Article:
Sweet potato pie with whipped cream and maple pecans


Monday, 13 November 2017

Last year my sister asked for a sweet potato pie topped with burnt marshmallow for us to have on the Christmas table. The pie didn’t make it to table, but we certainly weren’t short on American offerings. It was the second year running for having completely un-englishified an undoubtedly British affair – spuds and sprouts were sitting alongside a shallow fried patty of Kraft Mac n Cheese, the cornbread had a thick, stuffing-like consistency and it paired well with the actual stuffing made from a packet of sage and onion stuffing mix and supermarket sausage meat. The sweet potato pie would have rounded off our weird fusion dinner nicely.

We’re six weeks away from Christmas (not that I’m counting), so instead of appropriately churning out another pumpkin pie, I wanted to pay homage to our missing sweet potato pie of yesteryear. To be honest though, this is not too dissimilar to a pumpkin pie – but that doesn’t mean you shouldn’t try this alternative. The sweet potato, if blended to death, makes for a silky custard filling. I used whipped cream instead of marshmallow topping to tone down the sweetness, and the pecans are there to look pretty and add crunch i.e. totally not necessary. I hope this pie makes it to your Christmas or Thanksgiving table.

Sweet potato pie with whipped cream and maple pecans

Makes one 9 inch pie


For the pastry
  • 200g plain flour, plus extra to dust
  • 100g unsalted butter, cold and cubes
  • Pinch of salt
  • 2 tbsp icing sugar
  • 2 medium egg yolks mixed with 2 tbsp ice cold water
  • 1 egg, beaten (for the egg wash)

For the pie filling
  • 4-5 medium sweet potatoes, 450g flesh
  • 3 medium eggs, at room temperature
  • 175g double cream, at room temperature
  • 2 tbsp maple syrup
  • 125g light brown sugar
  • ½ tsp vanilla extract
  • ¼ tsp salt
  • 1 ½ tsp cinnamon
  • ¼ tsp freshly grated nutmeg
  • ½ tsp ginger
  • 1/8  tsp ground star anise (optional)

For the maple pecans
  • 100g pecans
  • 100ml maple syrup
  • 1 tbsp Honey
  • 1 tsp cinnamon
  • Whipped cream, to serve

  1. Preheat the oven to 160°C/180°C fan. Put the sweet potatoes on a roasting tray and bake for one hour, they should be soft in the middle and a little caramelised on the outside. Once slightly cool, peel away the skin and weigh out 450g of potato flesh in a bowl, cover and let cool in the fridge.
  2. While the potato is cooling, make the pastry. Put the flour, icing sugar and salt in a food processor and blitz briefly to combine. Add the butter and pulse until rough breadcrumbs form. Pour in the egg yolks and water and pulse again. As soon as a ball of dough takes shape, stop the mixer. Pour the crumbly dough mixture onto a layer of cling film. Lift up the sides of the cling film and press together to create a round disc – be careful not to overwork it. Put the dough in the fridge to rest for half an hour (or overnight) while you make the filling.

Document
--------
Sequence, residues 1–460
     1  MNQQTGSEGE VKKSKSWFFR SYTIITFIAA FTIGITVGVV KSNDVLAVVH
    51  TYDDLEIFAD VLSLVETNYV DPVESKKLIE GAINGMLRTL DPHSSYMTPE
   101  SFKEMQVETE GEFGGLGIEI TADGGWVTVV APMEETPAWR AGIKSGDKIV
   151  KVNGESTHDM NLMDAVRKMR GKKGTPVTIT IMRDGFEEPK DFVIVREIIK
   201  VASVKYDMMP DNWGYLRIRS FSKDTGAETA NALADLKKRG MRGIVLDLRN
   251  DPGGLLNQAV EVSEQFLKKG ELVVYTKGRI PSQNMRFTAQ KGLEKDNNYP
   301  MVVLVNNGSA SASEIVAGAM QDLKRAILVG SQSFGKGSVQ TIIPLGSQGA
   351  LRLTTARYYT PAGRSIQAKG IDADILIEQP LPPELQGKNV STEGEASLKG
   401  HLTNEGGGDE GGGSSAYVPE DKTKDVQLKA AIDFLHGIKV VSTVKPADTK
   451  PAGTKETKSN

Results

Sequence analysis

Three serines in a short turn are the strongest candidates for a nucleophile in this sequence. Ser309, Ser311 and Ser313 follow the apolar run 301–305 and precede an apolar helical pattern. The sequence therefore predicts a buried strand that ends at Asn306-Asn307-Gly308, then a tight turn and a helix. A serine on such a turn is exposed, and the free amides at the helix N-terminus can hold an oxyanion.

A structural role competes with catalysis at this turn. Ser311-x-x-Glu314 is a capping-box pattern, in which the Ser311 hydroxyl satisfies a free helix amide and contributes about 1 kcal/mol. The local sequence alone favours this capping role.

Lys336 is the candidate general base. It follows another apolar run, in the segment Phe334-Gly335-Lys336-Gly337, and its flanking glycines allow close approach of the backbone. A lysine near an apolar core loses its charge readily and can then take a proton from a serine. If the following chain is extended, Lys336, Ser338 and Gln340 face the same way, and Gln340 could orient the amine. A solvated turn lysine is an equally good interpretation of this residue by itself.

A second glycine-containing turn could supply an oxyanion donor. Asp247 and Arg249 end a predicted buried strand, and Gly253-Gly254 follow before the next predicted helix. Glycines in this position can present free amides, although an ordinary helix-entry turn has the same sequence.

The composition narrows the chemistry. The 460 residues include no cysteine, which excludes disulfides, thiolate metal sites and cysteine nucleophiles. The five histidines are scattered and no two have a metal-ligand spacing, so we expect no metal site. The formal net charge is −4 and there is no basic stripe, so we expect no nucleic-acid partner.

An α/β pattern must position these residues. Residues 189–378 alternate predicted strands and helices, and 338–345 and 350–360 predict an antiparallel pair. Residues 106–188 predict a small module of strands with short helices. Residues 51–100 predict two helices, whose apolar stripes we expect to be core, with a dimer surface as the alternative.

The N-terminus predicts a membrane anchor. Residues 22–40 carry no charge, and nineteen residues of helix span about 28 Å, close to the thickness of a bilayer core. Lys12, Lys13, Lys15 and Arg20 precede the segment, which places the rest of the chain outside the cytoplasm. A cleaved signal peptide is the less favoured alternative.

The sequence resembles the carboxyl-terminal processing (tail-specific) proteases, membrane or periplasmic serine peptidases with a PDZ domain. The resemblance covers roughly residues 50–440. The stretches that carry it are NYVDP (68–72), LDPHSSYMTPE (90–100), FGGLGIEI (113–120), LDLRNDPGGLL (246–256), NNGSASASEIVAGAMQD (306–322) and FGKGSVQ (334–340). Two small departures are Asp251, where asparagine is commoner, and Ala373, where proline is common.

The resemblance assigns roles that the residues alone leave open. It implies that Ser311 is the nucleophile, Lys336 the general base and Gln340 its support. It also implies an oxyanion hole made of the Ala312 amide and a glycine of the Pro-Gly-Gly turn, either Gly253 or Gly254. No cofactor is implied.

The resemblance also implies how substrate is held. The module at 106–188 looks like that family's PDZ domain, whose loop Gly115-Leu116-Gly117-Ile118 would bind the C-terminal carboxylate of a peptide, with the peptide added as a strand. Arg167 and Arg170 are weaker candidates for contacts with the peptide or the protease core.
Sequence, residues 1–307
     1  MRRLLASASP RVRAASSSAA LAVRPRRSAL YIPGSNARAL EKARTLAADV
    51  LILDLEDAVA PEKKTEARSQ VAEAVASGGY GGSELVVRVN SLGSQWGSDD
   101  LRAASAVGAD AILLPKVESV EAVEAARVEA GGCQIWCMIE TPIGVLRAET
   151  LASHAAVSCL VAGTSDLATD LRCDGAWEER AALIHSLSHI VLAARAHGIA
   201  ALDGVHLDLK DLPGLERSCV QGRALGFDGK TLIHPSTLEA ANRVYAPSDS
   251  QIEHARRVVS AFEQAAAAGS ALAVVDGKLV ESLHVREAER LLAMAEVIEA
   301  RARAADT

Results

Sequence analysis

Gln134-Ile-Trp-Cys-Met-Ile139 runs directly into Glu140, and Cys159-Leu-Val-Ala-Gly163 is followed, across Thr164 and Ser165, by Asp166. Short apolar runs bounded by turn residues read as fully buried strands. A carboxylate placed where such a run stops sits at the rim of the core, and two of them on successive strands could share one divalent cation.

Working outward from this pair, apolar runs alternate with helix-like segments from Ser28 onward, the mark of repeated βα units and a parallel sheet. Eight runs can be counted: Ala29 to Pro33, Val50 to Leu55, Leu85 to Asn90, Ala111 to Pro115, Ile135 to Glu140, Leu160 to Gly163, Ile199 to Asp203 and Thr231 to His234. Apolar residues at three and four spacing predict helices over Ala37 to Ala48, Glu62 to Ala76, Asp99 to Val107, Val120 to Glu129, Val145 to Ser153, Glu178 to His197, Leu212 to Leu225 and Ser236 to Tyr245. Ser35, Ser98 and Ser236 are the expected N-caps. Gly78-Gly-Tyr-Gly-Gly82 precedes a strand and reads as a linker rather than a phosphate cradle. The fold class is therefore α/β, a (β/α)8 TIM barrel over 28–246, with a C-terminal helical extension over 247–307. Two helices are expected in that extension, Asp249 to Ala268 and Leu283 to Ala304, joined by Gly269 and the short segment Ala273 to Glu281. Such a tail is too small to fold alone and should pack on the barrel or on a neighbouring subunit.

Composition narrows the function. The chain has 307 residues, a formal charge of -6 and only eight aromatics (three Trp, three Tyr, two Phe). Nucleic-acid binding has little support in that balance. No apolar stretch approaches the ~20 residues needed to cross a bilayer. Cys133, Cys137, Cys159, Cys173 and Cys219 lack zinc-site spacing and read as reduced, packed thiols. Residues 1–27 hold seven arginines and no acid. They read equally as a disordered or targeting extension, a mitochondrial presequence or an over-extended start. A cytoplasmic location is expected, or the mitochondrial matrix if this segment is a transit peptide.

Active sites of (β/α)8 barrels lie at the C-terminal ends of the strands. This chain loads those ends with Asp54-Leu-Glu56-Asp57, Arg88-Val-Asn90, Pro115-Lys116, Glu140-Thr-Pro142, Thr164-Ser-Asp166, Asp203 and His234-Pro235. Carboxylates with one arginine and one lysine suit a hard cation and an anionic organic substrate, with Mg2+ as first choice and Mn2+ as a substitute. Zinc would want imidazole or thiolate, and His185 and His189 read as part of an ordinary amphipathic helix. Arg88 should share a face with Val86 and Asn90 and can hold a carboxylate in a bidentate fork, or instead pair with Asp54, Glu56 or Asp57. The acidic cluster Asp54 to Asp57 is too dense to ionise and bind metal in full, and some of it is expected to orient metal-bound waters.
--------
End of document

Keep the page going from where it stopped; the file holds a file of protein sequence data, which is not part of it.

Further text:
3. Clean the bowl of your food processor and add the sweet potato. Blitz for one minute to create a smooth puree. Add the rest of the filling ingredients and blitz again until smooth and silky, about one more minute and set aside. You can store the filling in the fridge for up to three days, just make sure to bring it back to room temperature before baking.
  4. Increase the oven temperature to 170°C/190°C fan. Roll out the chilled dough on a lightly floured surface, the dough needs to be large enough to cover your 9 inch pie plate with overhang. Put the dough in the pie plate and cut off a little of the overhang. Fold in the excess pastry to create a thicker lip around the pie. Use your thumb and index finger to crimp the edges, and then place the pie in the freezer for 30 minutes. Blind bake the dough for 30 minutes, remove the pie weights, then egg wash the pastry case and put back in the oven for 5-10 minutes until golden brown. Allow the case to cool slightly.
  5. Reduce the oven temperature to 160°C/180°C fan and foil the edges to prevent them from burning. Pour the sweet potato filling in the cooled pastry. Bake for 35 minutes, there should be the slightest wobble in the middle.
  6. To make the maple pecans, line a tray with greaseproof paper and set aside. Roughly chop the nuts and toast in a dry pan on low heat. Pour in the maple syrup, honey and cinnamon and let it bubble for 4-5 minutes until syrupy and sticky. Pour the nuts on the greaseproof paper, sprinkle with sea salt and leave to set.